Promoting Intercultural Exchange: Artwork, Videos and Ideas

By Stokrocki, Mary | School Arts, May 1991 | Go to article overview

Promoting Intercultural Exchange: Artwork, Videos and Ideas


Stokrocki, Mary, School Arts


In order to promote international understanding, art educators in different countries exchange student artworks for exhibition through organizations like INSEA, The International Society of Education through Art. However, students often do not get the opportunity to fully understand another country's way of life and its heritage. Furthermore, lessons exploring the art forms or art history of another country may be limited and artificial.

Perhaps an intercultural education approach can be taken. Intercultural education is a strategy used to encourage students of different cultural backgrounds to share their life styles and roots. To understand a culture is to comprehend the beliefs, conceptions, aesthetic values, standards and practices of others through the eyes of that culture. Because this is a developing strategy and new to art education, it may be worthwhile for art teachers to make use of some of the tools of an ethnographer or participant observer. The following is a synopsis of my participant observation study in the Netherlands and my efforts to promote an exchange of school life and artworks between the cosmopolitan cities of Rotterdam, Holland and Cleveland, Ohio.

Participants

Multicultural secondary students in a vocational high school for business and commerce near Rotterdam were asked by their art teacher, Harry Berk, to portray and interpret their roots through collage. Most of the students originated from former colonies of the Netherlands, such as Indonesia, Surinam and the Dutch Antilles. A six week research project on the Netherlands provided the students with plenty of information and many photographs. The students described their collages in writing, describing what they pictured, what the collage meant through a title, how they arranged it, and if they felt their collages were successful. Students were usually pleased with their results.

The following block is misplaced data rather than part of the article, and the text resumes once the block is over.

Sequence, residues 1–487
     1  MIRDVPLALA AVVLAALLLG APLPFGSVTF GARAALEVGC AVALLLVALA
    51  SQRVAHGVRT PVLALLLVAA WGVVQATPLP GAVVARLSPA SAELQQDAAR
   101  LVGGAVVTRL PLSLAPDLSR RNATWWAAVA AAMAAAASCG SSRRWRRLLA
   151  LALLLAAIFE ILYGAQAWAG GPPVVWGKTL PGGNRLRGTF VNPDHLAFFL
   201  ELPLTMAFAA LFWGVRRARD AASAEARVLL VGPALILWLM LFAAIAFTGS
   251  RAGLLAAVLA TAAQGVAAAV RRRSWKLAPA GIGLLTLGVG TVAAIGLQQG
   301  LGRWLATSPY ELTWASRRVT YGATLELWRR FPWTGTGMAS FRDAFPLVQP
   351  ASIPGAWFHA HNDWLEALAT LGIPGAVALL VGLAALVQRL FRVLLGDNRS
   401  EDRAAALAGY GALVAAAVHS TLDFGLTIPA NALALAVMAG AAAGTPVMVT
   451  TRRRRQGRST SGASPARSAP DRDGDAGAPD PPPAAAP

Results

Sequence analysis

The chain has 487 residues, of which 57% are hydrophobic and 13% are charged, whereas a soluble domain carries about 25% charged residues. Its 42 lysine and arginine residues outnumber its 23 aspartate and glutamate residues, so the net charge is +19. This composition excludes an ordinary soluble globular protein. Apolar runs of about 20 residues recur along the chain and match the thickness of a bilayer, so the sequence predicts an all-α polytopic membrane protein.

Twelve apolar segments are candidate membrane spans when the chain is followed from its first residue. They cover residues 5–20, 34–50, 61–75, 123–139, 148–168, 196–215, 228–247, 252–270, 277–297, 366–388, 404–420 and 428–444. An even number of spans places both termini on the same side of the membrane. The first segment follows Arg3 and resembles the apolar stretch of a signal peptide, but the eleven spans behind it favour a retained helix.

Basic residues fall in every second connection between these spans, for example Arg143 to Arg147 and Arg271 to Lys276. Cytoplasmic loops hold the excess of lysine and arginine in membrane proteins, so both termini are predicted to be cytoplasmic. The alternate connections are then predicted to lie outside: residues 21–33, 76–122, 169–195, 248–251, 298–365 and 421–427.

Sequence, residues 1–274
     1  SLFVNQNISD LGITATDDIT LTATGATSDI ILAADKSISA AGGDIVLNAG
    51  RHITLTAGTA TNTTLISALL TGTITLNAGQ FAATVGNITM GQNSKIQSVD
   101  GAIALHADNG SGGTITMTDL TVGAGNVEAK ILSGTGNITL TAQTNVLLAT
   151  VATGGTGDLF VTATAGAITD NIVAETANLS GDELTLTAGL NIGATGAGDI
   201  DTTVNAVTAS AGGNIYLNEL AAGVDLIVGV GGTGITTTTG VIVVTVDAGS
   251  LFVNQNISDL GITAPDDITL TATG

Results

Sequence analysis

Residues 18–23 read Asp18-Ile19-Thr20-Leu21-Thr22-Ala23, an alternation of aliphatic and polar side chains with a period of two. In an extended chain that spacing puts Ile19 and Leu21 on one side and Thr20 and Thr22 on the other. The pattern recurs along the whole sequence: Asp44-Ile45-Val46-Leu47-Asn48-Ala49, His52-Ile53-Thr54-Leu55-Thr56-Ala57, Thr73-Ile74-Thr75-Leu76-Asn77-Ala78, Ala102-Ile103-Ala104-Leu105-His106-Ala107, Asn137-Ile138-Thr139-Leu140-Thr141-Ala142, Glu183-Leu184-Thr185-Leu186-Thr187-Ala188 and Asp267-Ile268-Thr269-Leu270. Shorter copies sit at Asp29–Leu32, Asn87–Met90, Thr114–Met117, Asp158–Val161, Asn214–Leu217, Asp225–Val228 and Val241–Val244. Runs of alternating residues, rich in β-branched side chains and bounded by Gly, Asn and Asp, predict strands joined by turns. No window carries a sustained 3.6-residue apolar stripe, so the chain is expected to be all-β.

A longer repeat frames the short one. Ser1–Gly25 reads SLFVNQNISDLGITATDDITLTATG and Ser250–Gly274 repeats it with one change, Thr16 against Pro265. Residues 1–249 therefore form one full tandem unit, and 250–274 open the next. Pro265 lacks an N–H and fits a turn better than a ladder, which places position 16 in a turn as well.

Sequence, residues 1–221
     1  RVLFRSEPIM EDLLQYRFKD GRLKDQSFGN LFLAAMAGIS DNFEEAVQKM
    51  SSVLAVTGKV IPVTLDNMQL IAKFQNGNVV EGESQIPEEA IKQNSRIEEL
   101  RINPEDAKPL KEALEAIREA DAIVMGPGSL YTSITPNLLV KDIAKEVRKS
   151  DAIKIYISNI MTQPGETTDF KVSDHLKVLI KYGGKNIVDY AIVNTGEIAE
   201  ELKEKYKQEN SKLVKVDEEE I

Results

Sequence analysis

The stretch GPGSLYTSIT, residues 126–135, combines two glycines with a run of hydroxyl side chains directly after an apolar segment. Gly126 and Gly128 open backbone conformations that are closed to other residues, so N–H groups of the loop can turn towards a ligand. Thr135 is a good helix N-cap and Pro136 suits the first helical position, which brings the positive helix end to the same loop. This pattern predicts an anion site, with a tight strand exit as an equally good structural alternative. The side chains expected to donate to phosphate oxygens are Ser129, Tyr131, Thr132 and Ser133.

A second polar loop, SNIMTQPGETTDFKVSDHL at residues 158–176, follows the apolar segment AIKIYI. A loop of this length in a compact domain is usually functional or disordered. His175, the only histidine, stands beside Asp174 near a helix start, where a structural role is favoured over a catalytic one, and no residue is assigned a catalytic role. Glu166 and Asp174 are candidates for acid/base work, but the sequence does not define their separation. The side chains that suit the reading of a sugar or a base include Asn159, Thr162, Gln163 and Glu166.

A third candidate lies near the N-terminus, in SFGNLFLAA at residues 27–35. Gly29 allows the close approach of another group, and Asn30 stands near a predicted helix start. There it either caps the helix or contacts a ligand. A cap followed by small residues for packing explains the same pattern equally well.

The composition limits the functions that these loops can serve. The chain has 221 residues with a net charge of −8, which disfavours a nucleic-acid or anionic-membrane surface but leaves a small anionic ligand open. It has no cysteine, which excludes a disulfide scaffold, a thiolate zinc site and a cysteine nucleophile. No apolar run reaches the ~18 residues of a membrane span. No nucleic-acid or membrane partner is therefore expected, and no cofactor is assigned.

Upon returning to America, I arranged to show the artwork and a videotape of the Dutch students to high school art classes: one at the Cleveland Magnet School of the Arts under the direction of Carole Phillips and the other at John Adams High School in Cleveland under the direction of Dale Lintala. Students were attentive and asked many questions about multicultural schooling in Holland, such as how long the classes were, what art courses students took, and why all the students rode bicycles to school. They also noticed that Dutch classes were run in a similar manner to those in America--the teacher did a lot of talking.

Cleveland students were asked to guess from what country the Dutch student originated by looking at the clues in the artwork. Students reacted to the painted buses of Holland in eluded in one Indonesian student's collage. They noticed that Rotterdam is a port city full of bridges, heavy industry and sports, quite similar to Cleveland. They particularly liked one of the collages made by a Surinamese girl, portraying a symmetrical skyscraper with attractive blue coloring. I also asked the Cleveland students to discuss the arrangements and color harmony in the Dutch students' works.

Next, Cleveland students chose to make their own collages based on the theme "Where am I from?" The artworks were photocopied in color and sent to the same school in the Netherlands so that Dutch students could learn about and appreciate the Cleveland-American world view. Cleveland students also explained their collages by describing, analyzing, interpreting and judging their collages. One class did so in writing; the other preferred to be videotaped.

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